David Brancaccio discusses his new documentary “Fixing the Future” about a reinvention of the American economy. Plus: Mailman School of Public Health Dean Linda Fried on the intersection of aging and public health; essayist Jim Holt on why the world exists; and the latest of the national presidential race.
Reports about Governor Romney’s offshore banking have made it a central campaign issue this week – but when is having a Swiss bank account a good idea? Then, why Seventeen magazine has agreed to not alter images of models. Plus: what an effective alternative to the Affordable Care Act would look like; and another installment of Advice Roulette.
It’s a Free Country political reporter Anna Sale joins us live from Colorado as she travels through the swing states talking to the most coveted voters in the country. Plus: Governor Romney and Vice President Biden’s speeches at the NAACP convention this week; the July series on air conditioning continues; and the butchers, farmers, fishmongers, beekeepers, and beer makers of New York City.
Adam Liptak of The New York Times explains what we know about the Roberts Court and reports of a conservative rift. Plus: the latest on campaign finance. Then, the U.S. has seen the warmest six months on record, what does it tell us about global warming?; New Jersey State Senator Joe Kyrillos (R-13) is running for U.S. Senate; and the Tour de France.
Nicholas Shaxson, the journalist who investigated Mitt Romney’s offshore accounts for Vanity Fair, discusses what he found out and why we should care. Plus: WNYC’s Ailsa Chang looks at how NYPD officers decide whether they have “reasonable suspicion” to stop and frisk; The New York Times columnist, Joe Nocera, explains what the LIBOR is; and a conversation about what makes something or someone resilient.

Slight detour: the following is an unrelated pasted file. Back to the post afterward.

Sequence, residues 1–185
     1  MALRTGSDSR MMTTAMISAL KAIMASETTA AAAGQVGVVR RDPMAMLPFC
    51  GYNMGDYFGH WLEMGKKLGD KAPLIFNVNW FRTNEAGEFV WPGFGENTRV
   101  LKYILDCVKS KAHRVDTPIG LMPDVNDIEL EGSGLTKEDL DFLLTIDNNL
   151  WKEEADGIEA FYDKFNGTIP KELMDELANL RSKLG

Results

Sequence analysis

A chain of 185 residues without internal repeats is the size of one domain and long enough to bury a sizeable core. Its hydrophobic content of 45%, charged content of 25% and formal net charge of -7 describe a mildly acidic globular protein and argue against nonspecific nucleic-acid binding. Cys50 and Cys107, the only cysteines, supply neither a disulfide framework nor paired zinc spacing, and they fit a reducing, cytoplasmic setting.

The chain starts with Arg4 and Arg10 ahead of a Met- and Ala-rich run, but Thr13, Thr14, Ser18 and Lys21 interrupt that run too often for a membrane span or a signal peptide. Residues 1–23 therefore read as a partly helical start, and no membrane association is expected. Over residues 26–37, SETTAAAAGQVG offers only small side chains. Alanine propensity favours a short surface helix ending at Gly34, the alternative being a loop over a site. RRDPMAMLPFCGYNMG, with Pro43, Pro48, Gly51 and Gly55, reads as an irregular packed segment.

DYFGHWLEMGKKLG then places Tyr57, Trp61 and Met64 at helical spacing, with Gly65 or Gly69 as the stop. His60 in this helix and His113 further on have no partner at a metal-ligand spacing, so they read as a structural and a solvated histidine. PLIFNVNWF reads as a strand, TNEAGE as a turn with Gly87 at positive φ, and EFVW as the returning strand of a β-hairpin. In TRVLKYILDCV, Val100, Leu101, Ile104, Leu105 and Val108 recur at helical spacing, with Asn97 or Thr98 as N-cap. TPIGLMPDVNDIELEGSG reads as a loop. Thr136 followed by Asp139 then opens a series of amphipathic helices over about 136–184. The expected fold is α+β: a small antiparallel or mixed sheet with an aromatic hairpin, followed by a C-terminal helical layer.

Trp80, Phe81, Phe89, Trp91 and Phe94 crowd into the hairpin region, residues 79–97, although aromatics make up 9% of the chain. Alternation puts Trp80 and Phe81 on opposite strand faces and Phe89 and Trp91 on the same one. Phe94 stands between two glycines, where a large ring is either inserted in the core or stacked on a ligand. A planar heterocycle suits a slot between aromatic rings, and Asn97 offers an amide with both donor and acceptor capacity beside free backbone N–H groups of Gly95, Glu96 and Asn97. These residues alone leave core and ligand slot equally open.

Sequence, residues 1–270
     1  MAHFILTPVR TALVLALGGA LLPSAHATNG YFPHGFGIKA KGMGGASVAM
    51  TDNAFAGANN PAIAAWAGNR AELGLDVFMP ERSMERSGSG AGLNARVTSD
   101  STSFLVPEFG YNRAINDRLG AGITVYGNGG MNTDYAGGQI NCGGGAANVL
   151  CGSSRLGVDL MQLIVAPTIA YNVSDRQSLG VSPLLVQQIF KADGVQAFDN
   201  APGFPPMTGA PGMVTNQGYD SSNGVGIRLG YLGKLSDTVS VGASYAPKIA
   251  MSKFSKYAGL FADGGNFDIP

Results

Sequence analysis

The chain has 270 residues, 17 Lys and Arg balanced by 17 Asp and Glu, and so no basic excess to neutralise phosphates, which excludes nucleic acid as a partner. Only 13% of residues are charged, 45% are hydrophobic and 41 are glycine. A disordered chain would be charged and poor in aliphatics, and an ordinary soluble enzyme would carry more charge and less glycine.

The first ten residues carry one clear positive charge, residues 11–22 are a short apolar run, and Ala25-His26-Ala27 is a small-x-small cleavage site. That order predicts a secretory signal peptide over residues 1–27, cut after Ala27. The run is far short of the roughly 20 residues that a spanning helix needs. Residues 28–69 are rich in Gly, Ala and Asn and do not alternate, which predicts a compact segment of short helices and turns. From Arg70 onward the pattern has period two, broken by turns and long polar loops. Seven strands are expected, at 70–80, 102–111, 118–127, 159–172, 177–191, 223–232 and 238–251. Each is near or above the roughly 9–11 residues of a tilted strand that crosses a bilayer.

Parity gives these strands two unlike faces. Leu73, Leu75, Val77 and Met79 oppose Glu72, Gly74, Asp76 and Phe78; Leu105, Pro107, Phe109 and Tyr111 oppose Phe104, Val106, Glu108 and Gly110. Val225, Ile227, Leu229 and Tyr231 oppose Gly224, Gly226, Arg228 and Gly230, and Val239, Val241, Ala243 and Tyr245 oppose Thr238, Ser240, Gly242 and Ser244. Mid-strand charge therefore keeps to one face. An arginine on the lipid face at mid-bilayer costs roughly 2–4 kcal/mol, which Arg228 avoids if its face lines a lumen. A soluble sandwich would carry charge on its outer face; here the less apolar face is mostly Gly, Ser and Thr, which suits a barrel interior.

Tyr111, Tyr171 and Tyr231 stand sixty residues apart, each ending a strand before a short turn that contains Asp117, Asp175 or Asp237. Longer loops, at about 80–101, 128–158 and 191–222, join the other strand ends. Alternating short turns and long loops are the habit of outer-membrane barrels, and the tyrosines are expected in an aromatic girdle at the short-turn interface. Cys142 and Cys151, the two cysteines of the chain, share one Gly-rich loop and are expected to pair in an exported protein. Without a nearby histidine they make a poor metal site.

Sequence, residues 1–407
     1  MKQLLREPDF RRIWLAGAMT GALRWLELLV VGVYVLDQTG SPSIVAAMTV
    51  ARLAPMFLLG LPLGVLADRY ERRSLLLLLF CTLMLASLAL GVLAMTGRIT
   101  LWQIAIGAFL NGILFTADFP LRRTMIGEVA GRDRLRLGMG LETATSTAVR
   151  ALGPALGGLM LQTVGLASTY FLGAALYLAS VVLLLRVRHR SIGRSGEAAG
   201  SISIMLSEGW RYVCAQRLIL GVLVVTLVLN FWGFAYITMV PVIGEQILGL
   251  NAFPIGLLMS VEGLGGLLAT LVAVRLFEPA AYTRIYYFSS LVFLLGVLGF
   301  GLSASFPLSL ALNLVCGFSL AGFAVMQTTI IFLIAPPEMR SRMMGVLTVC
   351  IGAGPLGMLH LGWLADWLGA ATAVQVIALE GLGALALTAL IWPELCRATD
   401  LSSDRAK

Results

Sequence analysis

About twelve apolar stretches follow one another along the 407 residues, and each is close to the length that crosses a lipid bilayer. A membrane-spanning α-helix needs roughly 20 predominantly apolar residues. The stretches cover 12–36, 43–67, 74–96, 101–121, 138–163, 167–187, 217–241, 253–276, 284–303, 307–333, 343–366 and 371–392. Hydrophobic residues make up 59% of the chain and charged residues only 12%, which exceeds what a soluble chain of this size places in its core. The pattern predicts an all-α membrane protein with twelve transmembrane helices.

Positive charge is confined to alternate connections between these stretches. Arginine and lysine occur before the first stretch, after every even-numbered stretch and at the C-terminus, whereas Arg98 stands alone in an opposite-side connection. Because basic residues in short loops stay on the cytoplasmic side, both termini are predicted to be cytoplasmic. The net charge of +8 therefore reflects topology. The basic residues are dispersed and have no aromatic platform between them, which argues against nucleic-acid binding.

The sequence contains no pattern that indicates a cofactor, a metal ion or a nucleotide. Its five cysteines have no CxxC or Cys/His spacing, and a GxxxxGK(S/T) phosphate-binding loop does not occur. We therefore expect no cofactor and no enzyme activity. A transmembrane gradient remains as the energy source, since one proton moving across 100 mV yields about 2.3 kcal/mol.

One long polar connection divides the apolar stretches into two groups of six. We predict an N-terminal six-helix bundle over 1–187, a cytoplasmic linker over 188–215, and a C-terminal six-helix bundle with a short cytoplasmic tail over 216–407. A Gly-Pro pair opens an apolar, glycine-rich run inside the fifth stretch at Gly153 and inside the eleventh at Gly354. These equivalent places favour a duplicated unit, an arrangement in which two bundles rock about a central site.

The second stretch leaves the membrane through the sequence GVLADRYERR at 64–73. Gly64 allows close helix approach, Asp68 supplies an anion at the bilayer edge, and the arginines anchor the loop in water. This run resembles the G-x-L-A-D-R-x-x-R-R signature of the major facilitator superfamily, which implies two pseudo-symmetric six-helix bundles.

Kai Wright of ColorLines and The Nation discusses the news from inside and outside the Beltway. Plus: David Sanger of The New York Times on the latest on Iran; the director Marc Levin on his new documentary Long Island unemployment; and your calls on coping with anxiety.
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The jobs report for June comes out today. We’ll discuss how many are in the unemployment pool and what the new numbers mean for the economy and the presidential election. Plus: NYC Parks Commissioner Adrian Benepe discusses recent trouble at the newly opened McCarren Pool; Roche’s departure from Nutley; a new documentary on the history of ACT UP; and how not to sabotage your vacation.
Rachel Swarns, New York Times correspondent discusses her new book American Tapestry: The Story of the Black, White, and Multiracial Ancestors of Michelle Obama. Plus: teacher tenure in New Jersey; Marketplace New York bureau chief Heidi Moore talks about corporations and banks behaving badly; and New York Times columnist and economics professor Robert H. Frank discusses the Affordable Care Act.
Brian Lamb, founder and CEO of the network, discusses what C-Span has meant for politics. Then, Harvard sociologist Sara Lawrence-Lightfoot explores how our society ends things. Plus: we re-air our End of War series finale from The Greene Space with Congressman Dennis Kucinich and other special guests.
Fortune’s Katherine Eban describes what the magazine’s long-term investigation into the Fast and Furious program found about the so-called “gun walking” operation. Then, why would some states opt out of the Medicaid expansion? Plus: activism in New York; Kenneth C. Davis on July 4th history; and the Young People’s Chorus of New York City performs.
Lawmakers reached a last-minute deal to lower student loan rates last week, but (unrelatedly) grace periods on many student loans expired yesterday. Did students win or lose? Jason Delisle of the New America Foundation explains. Plus: New Jersey State Senate President Steve Sweeney; Salon's Glenn Greenwald; and tips on writing your online dating profile.